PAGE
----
Tim Tams and infant formula among CHOICE’s ‘Shonky Award’ winners
Biscuit manufacturer Arnott’s Peanut Butter Flavour Tim Tams and infant formula s26 Gold Toddler and Junior, which are manufactured by Aspen Nutritionals, have been named among the seven ‘winners’ of consumer group CHOICE’s annual ‘Shonky Awards’.
“The CHOICE Shonky Awards put the spotlight on products and services that are sneaky, slippery, unscrupulous and sometimes unsafe,” said Alan Kirkland, CHOICE Chief Executive. “The risk of receiving an infamous Shonky encourages businesses to sharpen up their act and put consumers first,” he said.
“This year we had a record 1041 Shonky nominations from across Australia, which highlights the level of consumer concern about shonky products and services,” Mr Kirkland said.
The Commonwealth Bank, Arnott’s, Amazon Kindle, Kmart and Thermomix were among the seven companies named and shamed at the Shonky Awards in Sydney on Tuesday 14 October 2014.
This year’s Shonky Award winners were:
Arnott’s Tim Tam (Peanut Butter Flavour)
CHOICE said Arnott’s departure from its traditional chocolate treat this year left many consumers with a “bad taste in their mouths”. CHOICE said the product does not contain peanuts, despite being a ‘peanut butter flavour’ biscuit. CHOICE said the product also “offered poor value by cutting two biscuits and 35g from the pack while maintaining the same price and package size”.
S26 Gold Toddler and Junior
In marketing its S-26 Gold Toddler and Junior powdered milk to retailers in an industry trade magazine, CHOICE said S26 offered this marketing: “Keep mums buying with our extended range of nutritious milk drinks”.
CHOICE said the problem with this was that professionals advise that toddler and junior milks are not “needed for healthy kids over the age of one, and that the focus should be on increasing solids and developing better eating habits”.
The popular food mixer performed well CHOICE’s product tests, but CHOICE said Vorwerk, the Company behind Thermomix shredded the trust of its customers this year, resulting in over 530 nominations from the public. The flawed launch of its new model left loyal ‘Thermo fans’ out of pocket and hot under the collar, according to CHOICE.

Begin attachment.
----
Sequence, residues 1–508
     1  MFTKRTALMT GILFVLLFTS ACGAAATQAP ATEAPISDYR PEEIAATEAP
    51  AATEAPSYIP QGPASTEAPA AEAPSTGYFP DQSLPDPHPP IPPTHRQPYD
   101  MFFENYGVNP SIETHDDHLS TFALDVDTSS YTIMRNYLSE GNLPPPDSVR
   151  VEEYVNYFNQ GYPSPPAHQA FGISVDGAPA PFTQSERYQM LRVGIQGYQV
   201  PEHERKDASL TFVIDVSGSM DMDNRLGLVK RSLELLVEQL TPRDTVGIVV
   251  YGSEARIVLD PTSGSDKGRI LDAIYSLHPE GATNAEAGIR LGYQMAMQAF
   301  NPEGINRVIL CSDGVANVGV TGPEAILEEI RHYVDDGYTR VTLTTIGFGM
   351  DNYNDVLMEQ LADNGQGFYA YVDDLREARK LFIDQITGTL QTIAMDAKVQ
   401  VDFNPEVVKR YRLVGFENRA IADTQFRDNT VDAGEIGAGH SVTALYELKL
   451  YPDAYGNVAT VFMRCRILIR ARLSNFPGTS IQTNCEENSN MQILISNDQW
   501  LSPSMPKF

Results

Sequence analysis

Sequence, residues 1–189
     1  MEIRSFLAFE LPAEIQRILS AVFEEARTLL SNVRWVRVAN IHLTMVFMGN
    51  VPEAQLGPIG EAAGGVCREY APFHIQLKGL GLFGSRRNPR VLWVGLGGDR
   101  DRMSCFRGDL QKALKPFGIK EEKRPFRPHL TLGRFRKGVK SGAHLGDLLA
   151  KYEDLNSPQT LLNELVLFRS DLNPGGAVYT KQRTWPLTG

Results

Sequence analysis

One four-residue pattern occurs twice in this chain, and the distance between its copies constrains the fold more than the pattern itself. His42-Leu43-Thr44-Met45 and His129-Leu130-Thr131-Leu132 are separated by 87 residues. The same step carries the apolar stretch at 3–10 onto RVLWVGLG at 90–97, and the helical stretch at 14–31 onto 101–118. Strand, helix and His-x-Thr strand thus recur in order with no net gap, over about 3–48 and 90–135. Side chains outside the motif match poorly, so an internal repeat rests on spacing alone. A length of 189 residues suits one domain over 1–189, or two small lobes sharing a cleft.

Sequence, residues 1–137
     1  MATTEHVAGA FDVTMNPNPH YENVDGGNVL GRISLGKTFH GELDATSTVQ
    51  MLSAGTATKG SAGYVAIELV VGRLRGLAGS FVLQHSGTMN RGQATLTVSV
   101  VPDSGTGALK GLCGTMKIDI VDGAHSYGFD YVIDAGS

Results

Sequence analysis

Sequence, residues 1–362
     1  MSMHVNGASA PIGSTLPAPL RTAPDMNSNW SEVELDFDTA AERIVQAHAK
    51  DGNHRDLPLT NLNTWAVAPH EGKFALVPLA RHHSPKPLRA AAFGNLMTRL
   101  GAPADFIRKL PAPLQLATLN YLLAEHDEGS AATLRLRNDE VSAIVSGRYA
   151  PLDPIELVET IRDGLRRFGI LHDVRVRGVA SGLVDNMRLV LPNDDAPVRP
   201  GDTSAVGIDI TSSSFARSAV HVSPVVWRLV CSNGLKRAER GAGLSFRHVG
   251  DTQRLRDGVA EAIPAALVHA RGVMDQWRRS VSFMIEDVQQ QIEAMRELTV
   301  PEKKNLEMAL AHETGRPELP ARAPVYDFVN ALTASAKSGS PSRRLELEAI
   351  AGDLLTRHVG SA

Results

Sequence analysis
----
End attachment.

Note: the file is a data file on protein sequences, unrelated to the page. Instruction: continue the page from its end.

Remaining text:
CHOICE said the Company’s decision not to notify consumers of the imminent release its first new model in 7 years “in a bid to keep spinning dough was nothing short of Shonky”. CHOICE has referred Thermomix to the ACCC.
CHOICE said some Kmart swimwear became see-through when wet, and came with the ‘confusing’ warning: avoid “excessive contact” with suntan lotions, oils, rough surfaces, heated pools and spas treated with harsh chemicals.
CHOICE said the Commonwealth Bank’s response to one of the Australia’s biggest financial planning failures was “questionable at best”. CHOICE said that after a long delay in acknowledging fault, the banking group “lobbied to remove financial advice protections while offering up a slick PR campaign in an attempt to apologise for losing consumers’ life savings”.
CHOICE said BankWest offered a 12 month teaser rate of 5.75 per cent on its Bankwest Kids’ Bonus Saver account but moved all but $1 into a low interest account paying just one per cent for amounts below $3000. Children who made withdrawals received an interest rate of just 0.01 per cent a month.
One of Amazon’s biggest selling points for its new Kindle’s Paperwhite e-reader is that it can last an impressive eight weeks. But CHOICE said the fine print reveals that the eight weeks of battery power relies on the Kindle Paperwhite being used for 30 minutes a day. That means the Kindle’s battery life is actually 28 hours – typical for many e-readers. CHOICE has referred Amazon Kindle to the ACCC.
While not every Shonky Award winner may be breaking laws or breaching regulations, CHOICE said it believed “that consumers deserve better products and services, and the 2014 lemons are ripe for the picking”.
“We hope the Shonkys encourage consumers to look critically at the goods and services they use, and question poor service, hidden costs and the fine print beneath claims that seem too good to be true,” Mr Kirkland said.